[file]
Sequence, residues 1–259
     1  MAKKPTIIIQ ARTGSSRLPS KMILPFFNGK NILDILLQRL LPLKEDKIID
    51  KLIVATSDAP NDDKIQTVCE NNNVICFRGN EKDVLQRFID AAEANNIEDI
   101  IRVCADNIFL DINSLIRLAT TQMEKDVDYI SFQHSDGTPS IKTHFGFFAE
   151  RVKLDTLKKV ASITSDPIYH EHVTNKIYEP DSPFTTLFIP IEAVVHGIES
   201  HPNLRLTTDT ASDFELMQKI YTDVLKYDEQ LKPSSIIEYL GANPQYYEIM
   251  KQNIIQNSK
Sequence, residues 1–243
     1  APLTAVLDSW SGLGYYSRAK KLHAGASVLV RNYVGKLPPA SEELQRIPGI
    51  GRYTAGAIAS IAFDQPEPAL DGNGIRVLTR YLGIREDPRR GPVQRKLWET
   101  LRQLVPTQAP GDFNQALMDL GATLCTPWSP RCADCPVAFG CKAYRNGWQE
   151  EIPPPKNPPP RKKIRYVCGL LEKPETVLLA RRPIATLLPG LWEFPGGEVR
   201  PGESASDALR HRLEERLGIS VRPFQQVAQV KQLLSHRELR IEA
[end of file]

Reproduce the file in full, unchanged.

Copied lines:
Sequence, residues 1–259
     1  MAKKPTIIIQ ARTGSSRLPS KMILPFFNGK NILDILLQRL LPLKEDKIID
    51  KLIVATSDAP NDDKIQTVCE NNNVICFRGN EKDVLQRFID AAEANNIEDI
   101  IRVCADNIFL DINSLIRLAT TQMEKDVDYI SFQHSDGTPS IKTHFGFFAE
   151  RVKLDTLKKV ASITSDPIYH EHVTNKIYEP DSPFTTLFIP IEAVVHGIES
   201  HPNLRLTTDT ASDFELMQKI YTDVLKYDEQ LKPSSIIEYL GANPQYYEIM
   251  KQNIIQNSK
Sequence, residues 1–243
     1  APLTAVLDSW SGLGYYSRAK KLHAGASVLV RNYVGKLPPA SEELQRIPGI
    51  GRYTAGAIAS IAFDQPEPAL DGNGIRVLTR YLGIREDPRR GPVQRKLWET
   101  LRQLVPTQAP GDFNQALMDL GATLCTPWSP RCADCPVAFG CKAYRNGWQE
   151  EIPPPKNPPP RKKIRYVCGL LEKPETVLLA RRPIATLLPG LWEFPGGEVR
   201  PGESASDALR HRLEERLGIS VRPFQQVAQV KQLLSHRELR IEA